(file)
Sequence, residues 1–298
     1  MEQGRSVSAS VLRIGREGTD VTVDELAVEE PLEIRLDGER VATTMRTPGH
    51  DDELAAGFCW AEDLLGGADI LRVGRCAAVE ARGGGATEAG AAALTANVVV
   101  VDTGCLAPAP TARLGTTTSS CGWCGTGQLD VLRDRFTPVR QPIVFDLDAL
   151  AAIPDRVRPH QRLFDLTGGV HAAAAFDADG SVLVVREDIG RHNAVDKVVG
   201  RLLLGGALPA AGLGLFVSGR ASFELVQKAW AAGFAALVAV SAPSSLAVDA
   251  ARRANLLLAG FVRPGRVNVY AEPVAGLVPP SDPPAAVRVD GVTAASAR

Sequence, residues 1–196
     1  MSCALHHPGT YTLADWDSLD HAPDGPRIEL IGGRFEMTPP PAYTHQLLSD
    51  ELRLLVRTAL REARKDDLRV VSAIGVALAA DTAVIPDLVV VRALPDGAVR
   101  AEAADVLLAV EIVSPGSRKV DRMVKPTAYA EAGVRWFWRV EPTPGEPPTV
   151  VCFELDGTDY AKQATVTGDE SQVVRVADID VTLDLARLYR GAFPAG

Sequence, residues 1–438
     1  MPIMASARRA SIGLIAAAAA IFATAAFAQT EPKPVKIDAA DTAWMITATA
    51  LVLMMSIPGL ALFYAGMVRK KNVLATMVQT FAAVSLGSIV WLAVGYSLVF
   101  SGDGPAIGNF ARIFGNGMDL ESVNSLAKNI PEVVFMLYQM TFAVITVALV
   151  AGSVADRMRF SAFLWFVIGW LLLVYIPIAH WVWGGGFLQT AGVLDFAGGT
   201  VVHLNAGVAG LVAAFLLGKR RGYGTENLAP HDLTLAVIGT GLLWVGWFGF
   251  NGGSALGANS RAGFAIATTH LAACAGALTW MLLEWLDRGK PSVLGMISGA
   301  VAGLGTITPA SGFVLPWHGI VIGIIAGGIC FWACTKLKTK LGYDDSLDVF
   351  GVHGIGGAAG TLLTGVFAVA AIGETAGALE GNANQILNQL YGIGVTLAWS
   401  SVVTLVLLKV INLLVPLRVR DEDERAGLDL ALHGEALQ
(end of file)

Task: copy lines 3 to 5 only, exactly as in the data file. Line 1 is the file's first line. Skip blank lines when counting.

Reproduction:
    51  DDELAAGFCW AEDLLGGADI LRVGRCAAVE ARGGGATEAG AAALTANVVV
   101  VDTGCLAPAP TARLGTTTSS CGWCGTGQLD VLRDRFTPVR QPIVFDLDAL
   151  AAIPDRVRPH QRLFDLTGGV HAAAAFDADG SVLVVREDIG RHNAVDKVVG